April 7, 2008 is the 75th anniversary of the repeal of prohibition’s first phase. Finally, beer and a low alcohol version of wine became legal. Upon signing the first phase into law, President Franklin Roosevelt famously said, “I think this would be a good time for a beer.” The final repeal of prohibition occurred on December 5th 1933. On that day, in California wine country, Martin Ray, a Paul Masson wine maker, turned stock broker during prohibition, brought a huge bronze bell from an old schoolhouse to his old boss’s house and woke him up with the energetic ringing his giant bell. After fourteen long years, Prohibition was, at last, finally over.
Prohibition almost destroyed the wine industry in America. During prohibition, there was only a small market for legal wine: wine in medicine, flavoring for food,tobacco, wine vinegar, and, hallelujah, sacramental wine. Eventually around fifty wineries produced sacramental/communion wines. The most successful was Beaulieu Vineyard (a.k.a. BV) The winery was owned by the wealthy catholic Frenchman George de Latour. George was a leading figure in the Catholic church of San Francisco and was able to get endorsements from church leaders for his wine to be sold to churches all across the country. The BV stationary of the day proudly proclaimed itself, “The House of Alter Wine.” The Christian Brothers and Louis Martini also thrived during prohibition.
To survive Prohibition, some wineries resorted to selling grape juice and concentrate. Since Americans could no longer go out and buy wine, we became country of home wine makers. Growers sold juice and concentrate with names like Forbidden Fruit, Vine-Glo, and Moonmist with instructions on how to make wine (so as not to break the law). “Do not place the container in room with a temperature over 60 degrees or contents may ferment.” Years after prohibition had been repealed, Ernest Gallo commented to a room of enologists, “Some of you may remember what homemade wine was– something like grape juice in December and something like vinegar in June.”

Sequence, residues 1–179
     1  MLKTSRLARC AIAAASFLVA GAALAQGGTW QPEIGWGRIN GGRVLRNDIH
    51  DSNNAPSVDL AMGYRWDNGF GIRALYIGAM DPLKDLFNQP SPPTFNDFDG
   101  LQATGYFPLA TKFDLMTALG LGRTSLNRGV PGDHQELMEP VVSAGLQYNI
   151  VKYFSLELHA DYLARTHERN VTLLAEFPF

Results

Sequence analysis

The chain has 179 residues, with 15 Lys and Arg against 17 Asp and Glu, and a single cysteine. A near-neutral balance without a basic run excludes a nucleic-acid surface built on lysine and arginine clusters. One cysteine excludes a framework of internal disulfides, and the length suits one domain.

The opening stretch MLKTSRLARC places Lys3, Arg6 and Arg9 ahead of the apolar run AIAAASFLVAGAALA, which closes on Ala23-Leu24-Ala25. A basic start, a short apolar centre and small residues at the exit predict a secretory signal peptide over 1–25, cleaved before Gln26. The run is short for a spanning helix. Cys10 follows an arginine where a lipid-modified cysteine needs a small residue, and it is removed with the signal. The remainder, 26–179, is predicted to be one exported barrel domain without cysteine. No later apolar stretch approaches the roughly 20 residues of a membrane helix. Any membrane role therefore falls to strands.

The great depression in 1929 found our government looking for ways to raise revenue. Clearly, gangsters such as Al Capone, who by that time owned all 10,000 speakeasies (illegal bars) in Chicago, were making lots of money with alcohol. So people of the time thought it would be good to legalize alcohol, so it could be taxed. They said the new tax revenues could be used to pay off the national deficit. In addition, repeal would create sorely needed new jobs and markets for grain to make beer and spirits.
So repeal it they did, and tax it they did, and also heavily regulate it to boot. Many states outlawed the bulk sale of wine in barrels requiring the smaller more expensive but more easily taxable 750 ml bottles we have today. (Prior to the repeal of prohibition wine was commonly sold in bulk inexpensively tapped out of kegs, kind of like growlers for beer) After repeal, wine could no longer move freely across state lines. Feds said states could either grant liquor licenses, run a state monopoly, or remain dry. Each state created their own restrictions. For example, in Kentucky, you could have a drink at a licensed bar only if the container held two ounces or less. In New York today, you still can’t buy retail alcohol on Sundays. A wine maker once said, “Prohibition was never repealed, it was just amended.” Join us as we celebrate the repeal of prohibition and imbibe all those once forbidden refreshments at The Wine Stop on April 12th 1-5pm. Prizes will be given for prohibition era trivia. Cheers!
Certified Sommelier, General Manager, President Liane was born and raised in Honolulu, Hawaii. She graduated from the Kamehameha Schools in 1977, and worked in the bookkeeping department of Villa Roma, a women’s retail clothing store owned by her mother Audrey Fu, before flying off to college in New York City. She was a physics major at New York University (NYU). In her first semester, she attended a concert that was interpreted for the deaf. She became fascinated by the idea of communication through movement which for her was kind of like hula on steroids.